1. Andrews, Lesley RN, SPQ (Renal), BSc, PGDip, PGCert

Article Content


About one-third of the adult population is estimated to experience insomnia, which can have a detrimental effect on the quality of life of those affected. Insomnia is characterized by difficulty in initiating and/or maintaining sleep or experiencing nonrestorative sleep, which can lead to increased risk of accidents, higher work absenteeism, and the development of other conditions such as depression and anxiety.


Currently, management of insomnia includes the use of pharmacological, psychological, and behavioral interventions as well as a range of complementary and alternative therapies. Pharmacotherapy, although commonly used, is often accompanied with unwanted physiological and psychological side effects, such as daytime sleepiness, which can affect the ability of individuals to perform daily activities. Alternatives to pharmacological interventions include, for example, education in sleep hygiene, cognitive behavioral therapy, neurofeedback brain training, and bright light therapy.


Music is frequently used by individuals as a self-help strategy for the management of insomnia. It is thought that listening to slow relaxing music has an effect on the neuroendocrine and sympathetic nervous systems that leads to a reduction in heart rate, blood pressure, and respiratory rate, therefore inducing a state of relaxation. Music has also been linked to a reduction in circulating noradrenaline, which is involved in the onset of sleep.



The aim of this study is assess the effects of listening to music on insomnia in adults and to assess the influence of specific variables that may moderate the effect.



This review included randomized control trials (RCTs) and quasi-RCTs that compared the effects on sleep improvement in adults with insomnia of listening to prerecorded music (with or without relaxation instructions) with no treatment or treatment as usual. The intervention could either be self-administered or administered by research or clinical personnel.1


Participants were required to have insomnia as documented using a variety of measures including the Pittsburgh Sleep Quality Index (PSQI), polysonography or actigraphy, participant reports/diaries, or a diagnosis of insomnia disorder as assessed by standard diagnostic criteria such as the International Classification of Diseases.


The primary outcomes measured included sleep quality, sleep onset latency, total sleep time, sleep interruption (number of awakenings and waking after sleep onset), sleep efficiency (percentage of time in bed spent asleep), and adverse events (as reported by researchers; eg, discomfort or hearing loss).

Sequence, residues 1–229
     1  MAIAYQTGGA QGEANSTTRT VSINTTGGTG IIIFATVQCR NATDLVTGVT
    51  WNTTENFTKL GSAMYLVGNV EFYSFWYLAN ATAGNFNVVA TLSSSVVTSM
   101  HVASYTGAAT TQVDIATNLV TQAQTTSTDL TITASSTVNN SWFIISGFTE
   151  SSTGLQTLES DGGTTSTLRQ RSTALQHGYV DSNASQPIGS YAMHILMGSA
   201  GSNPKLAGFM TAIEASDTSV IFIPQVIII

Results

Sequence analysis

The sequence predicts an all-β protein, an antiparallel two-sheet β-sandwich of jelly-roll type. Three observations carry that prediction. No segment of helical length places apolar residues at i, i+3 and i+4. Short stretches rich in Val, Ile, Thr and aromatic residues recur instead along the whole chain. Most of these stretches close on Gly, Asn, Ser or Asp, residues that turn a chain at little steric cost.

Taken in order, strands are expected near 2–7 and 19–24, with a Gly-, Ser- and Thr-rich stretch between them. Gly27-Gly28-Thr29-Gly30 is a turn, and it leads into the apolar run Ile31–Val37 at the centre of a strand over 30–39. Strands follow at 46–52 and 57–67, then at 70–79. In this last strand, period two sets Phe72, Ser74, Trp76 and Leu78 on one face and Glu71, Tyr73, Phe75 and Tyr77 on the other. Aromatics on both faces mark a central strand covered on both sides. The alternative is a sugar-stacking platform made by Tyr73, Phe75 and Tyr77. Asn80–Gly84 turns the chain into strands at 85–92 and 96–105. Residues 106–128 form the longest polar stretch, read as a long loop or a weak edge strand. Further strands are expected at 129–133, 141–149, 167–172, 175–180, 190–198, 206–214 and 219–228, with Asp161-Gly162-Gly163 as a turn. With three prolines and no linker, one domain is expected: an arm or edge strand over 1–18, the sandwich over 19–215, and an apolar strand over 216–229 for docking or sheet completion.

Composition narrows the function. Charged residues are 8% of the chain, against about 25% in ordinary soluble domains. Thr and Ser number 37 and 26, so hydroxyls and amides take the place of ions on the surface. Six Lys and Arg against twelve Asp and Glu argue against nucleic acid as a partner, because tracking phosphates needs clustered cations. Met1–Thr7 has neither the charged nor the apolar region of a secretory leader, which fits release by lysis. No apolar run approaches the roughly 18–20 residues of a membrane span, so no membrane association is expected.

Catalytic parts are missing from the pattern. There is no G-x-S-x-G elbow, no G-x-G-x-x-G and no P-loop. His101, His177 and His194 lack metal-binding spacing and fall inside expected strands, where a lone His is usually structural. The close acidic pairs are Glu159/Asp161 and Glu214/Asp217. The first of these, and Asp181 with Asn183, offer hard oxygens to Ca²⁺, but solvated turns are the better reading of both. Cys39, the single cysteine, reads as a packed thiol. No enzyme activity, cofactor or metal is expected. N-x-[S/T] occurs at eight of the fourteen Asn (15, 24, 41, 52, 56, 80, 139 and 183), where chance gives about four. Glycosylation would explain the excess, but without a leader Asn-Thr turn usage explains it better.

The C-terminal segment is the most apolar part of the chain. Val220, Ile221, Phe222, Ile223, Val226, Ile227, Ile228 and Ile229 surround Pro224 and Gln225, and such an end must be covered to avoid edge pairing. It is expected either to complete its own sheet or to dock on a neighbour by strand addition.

A total of 74 potentially relevant publications were selected for full text reviewing after screening of titles and abstracts, of which only 6 were eligible for inclusion in the review, 5 of which reported on RCTs and 1 on a quasi-RCT. The 6 included trials involved a total of 314 participants and were conducted across a variety of settings (participant's own home, 4; sleep laboratory, 1; and inpatient rehabilitation facility, 1). In addition, the studies were based in 5 countries, including Taiwan (2), Singapore (1), Hungary (1), Denmark (1), and Austria (1). Sample sizes ranged from 15 to 65 participants between the ages of 19 and 83 years, with most being women (70%).


All trials used scores of greater than 5 on the PSQI, with mean scores ranging from 6.8 to 16.0 at baseline. All included trials used listening to prerecorded music as the main intervention, with 4 trials using music only and 2 trials using music with relaxation instructions. A range of music was used, including Western and Chinese classical music, new age, electric, popular oldies, and jazz for a duration of 25 to 60 minutes once a day over 3 to 35 days.


Meta-analysis of 5 of the included studies (N = 264; moderate-quality evidence) reporting on sleep quality as assessed by the PSQI revealed an effect in favor of music listening (mean difference, -2.80; 95% confidence interval, -3.42 to -2.17; Z = 8.77, P < .00001) when compared with no treatment or treatment as usual. The remaining study (N = 50; low-quality evidence), reporting on sleep onset latency, total sleep time, sleep interruption, and sleep efficiency, found no evidence to suggest that the intervention benefited these outcomes. None of the included studies reported any adverse events.



The findings of this review suggest that listening to music may improve sleep quality in different populations experiencing insomnia symptoms. However, the authors conclude that it is not possible to draw any conclusions as to the effect of music on specific insomnia subtypes such as sleep initiation or maintenance difficulties or nonrestorative sleep. Also, it is difficult to evaluate which style of music (eg, classical, new age, and jazz) is more effective than others because of the nature of the included studies.



Nurses often care for patients with a range of health conditions who seek advice and support for sleeping difficulties. Music may prove to be an important addition to the current range of nonpharmacological interventions that can easily and relatively safely be implemented across a variety of settings without incurring additional costs. In addition, the patient can choose the music to listen to, play it in a place, and at a time that suits their specific needs, thereby promoting self-efficacy.




1. Jespersen KV, Koenig J, Jennum P, Vuust P. Music for insomnia in adults. Cochrane Database Syst Rev. 2015;8:CD010459. [Context Link]